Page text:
Limitations

This April, I’ve been participating in Camp Nanowrimo. During camp you can set yourself the writing goal that fits for you, and have support from other participants (on the forum, or by joining a cabin). I’ve participated before, and I’ve always had fun with it. It’s nice to feel that extra pressure to write while not being under the enormous pressure of the standard 50.000 words of Novembers Nanowrimo. Last July, camp really helped me with writing a first draft.

This april, though, I’ve struggled. From the very beginning I had difficulty settling on a project. Even when I thought I had a manageable project and goal set for the month, I’ve had trouble keeping up.

I have been stressing with school, but nothing unmanageable. I haven’t had complete freedom to write, but nobody ever does. I think what has happened is that I have let the stress of everything prevent me from really doing much of anything. Even now I should really be writing a paper. Funny how I only take time to return to my blog when I’m running from all my other responsibilities.

Sitting down, taking a few breaths and managing my tasks shouldn’t be such a difficult thing to do, and I suppose I have managed in the past. But now, I find it difficult. I’m beginning to think I’ll just have to adjust my writing goal and figure out how I can do the bare minimum in all my tasks. Just until I can get through this.

It feels… Weak? Like a loss. But then, I haven’t truly lost anything. I still have more words than I did before the month began, and I don’t actually have to give my all at school to get trough. Truth is that if I take this minor setback, I can still make it trough this having still accomplished something.

Making decisions like this, I’m beginning to realise, is part of being a responsible artist. No matter what you do: visual arts, writing, acting, music… anything really. You have to be kind to yourself and reign in yourself. I’m sure we could all drive ourselves into an early grave working hard, and artists have done for a long time. But surely you can also try to take care of yourself. Keep your ego and your longing for brilliance back, if only a little, so you don’t burn your candle at both ends. That way you’ll be able to do more in the future.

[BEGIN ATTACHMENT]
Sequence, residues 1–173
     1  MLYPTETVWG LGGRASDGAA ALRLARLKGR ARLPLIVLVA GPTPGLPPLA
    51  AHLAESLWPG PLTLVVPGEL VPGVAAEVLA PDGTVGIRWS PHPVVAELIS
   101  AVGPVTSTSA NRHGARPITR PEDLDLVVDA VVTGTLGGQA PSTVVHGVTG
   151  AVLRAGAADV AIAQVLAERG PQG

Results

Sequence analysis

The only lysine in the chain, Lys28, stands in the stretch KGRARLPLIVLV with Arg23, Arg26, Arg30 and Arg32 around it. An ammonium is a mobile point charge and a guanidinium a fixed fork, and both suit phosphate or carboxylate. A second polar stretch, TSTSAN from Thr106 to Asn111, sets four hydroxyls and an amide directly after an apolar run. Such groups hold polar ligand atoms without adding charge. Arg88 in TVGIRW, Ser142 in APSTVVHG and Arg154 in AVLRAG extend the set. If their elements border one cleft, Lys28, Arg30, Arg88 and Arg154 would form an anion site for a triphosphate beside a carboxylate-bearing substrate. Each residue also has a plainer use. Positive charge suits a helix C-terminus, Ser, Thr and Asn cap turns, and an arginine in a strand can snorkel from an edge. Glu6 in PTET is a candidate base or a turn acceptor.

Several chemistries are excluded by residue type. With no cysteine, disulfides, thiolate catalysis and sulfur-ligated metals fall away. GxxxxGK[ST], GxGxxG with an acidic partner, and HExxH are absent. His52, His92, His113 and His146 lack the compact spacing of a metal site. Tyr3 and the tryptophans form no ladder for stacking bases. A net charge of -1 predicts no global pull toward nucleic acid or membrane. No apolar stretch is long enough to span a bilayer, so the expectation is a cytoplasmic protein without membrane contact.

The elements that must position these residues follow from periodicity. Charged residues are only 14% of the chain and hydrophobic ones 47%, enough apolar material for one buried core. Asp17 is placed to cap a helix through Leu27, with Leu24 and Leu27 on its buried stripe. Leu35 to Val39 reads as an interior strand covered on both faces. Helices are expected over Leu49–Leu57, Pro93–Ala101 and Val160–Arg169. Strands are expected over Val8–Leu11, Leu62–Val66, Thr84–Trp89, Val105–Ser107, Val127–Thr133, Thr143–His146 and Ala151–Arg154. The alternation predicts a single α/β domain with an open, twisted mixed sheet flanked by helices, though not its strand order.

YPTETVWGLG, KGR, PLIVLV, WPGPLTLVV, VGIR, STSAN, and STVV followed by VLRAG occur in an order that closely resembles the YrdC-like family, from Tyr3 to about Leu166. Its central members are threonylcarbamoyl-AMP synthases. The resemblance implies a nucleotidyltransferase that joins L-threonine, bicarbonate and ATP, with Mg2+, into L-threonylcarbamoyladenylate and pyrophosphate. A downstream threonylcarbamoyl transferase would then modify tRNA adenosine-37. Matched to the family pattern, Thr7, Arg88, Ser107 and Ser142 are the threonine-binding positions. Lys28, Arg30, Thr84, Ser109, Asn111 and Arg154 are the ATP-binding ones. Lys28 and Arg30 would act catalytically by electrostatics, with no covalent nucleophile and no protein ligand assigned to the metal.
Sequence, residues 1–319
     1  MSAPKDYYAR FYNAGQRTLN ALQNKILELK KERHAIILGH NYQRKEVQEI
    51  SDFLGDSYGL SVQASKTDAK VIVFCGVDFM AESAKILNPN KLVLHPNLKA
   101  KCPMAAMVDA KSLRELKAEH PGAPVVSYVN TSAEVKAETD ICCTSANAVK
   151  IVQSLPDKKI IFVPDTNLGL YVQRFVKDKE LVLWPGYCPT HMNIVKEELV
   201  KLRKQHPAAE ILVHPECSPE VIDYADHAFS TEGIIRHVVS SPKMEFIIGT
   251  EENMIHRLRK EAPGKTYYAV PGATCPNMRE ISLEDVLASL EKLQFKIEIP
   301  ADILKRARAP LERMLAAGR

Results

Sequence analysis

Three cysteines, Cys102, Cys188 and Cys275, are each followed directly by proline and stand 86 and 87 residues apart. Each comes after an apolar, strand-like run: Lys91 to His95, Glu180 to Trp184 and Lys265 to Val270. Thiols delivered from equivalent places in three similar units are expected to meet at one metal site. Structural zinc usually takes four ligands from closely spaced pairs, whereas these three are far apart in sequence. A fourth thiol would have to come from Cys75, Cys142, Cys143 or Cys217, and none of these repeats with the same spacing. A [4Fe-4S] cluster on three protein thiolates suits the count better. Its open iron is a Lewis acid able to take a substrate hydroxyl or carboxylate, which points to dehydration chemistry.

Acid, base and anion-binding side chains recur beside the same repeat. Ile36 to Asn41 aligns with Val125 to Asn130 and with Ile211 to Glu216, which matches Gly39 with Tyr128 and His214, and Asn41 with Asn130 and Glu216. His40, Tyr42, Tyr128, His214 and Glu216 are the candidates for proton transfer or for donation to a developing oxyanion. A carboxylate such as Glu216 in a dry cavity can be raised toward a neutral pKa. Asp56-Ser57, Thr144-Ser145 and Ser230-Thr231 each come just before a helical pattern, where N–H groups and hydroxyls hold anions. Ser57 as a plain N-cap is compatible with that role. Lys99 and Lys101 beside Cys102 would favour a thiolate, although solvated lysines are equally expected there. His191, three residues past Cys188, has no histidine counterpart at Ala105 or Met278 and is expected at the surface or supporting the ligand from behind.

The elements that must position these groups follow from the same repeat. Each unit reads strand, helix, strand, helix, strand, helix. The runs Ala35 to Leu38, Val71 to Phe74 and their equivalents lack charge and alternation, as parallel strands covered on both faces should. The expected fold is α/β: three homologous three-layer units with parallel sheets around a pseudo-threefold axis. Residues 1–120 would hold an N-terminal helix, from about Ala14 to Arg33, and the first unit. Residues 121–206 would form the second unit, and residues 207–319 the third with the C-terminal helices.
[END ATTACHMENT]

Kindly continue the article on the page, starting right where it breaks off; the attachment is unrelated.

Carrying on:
Cloudy With a Chance of Brainstorm

I haven’t been the best at posting here lately. It’s not that I haven’t been able to creative lately, it’s the opposite. I’ve been exploring story-ideas, plots and characters. Where I live, mushrooms are popping up overnight right now because of the rain, and ideas have been popping into my head.

On one hand I welcome this: I think exploring new ideas and putting characters, settings and plots together is the most fun in the writing process. It’s so free, and there are no established rules yet. I can also just go after whatever I think is the most fun without focusing so much on the “serious” stuff. I just have to put something together that really makes me want to write and find out more.

On the other hand, it can get a little overwhelming and difficult to focus my mind. There is so much going on that I can’t quite focus on one thing. But really, the good outweigh the bad by a mile.

Deep Water

Tourists shuffled after the guide and her yellow umbrella. The view of the bay was stunning from the lookout, and everybody took out their cameras ready to ruin perfectly good landscape photos by posing in them themselves with wide smiles, thumbs up and sweat-spots.

Larry traveled by himself, so he’d have to wait for some of the others to take their own pictures, and ask if they’d take one of him. He leaned on the railing and looked out at the town below and the bay. A lone rowboat floated on the calm water. He could se the silhouette of a man holding a fishing rod in the little boat. Larry envied the fisherman, he was tired of the cramped tourbus and the loud talk all the time. Perhaps he would take up fishing when he got home?

He wanted to take a picture of the fisherman, and began fumbling with his camera when a┬ámovement by the rowboat caught his eye. Larry had assumed that the dark spot in the surface was deeper water, but… it was moving. He saw the huge shadow move towards the little fisherman. He wanted to call out, but there was no way he would hear him so far away. He turned back to the others.

– Miss Smith! There is a big shadow in the water! he called to the tour guide.

She waved back to him.

– Be with you in a moment, Larry! she said.

Larry looked out at the bay again. The shadow was directly below the boat now.

– Miss Smith! he called again and moved towards her.

– What is it? she asked as she met him.

Larry grabbed her arm and walked quickly back to the railing.

– That big shadow it moving! The fisherman is in danger!

– What fisherman?

Miss Smith sounded confused and Larry turned back to the water with his heart in his throat. There was no little rowboat, no fisherman and no shadow. Only the waves that rippled in the water bore witness that something had happened.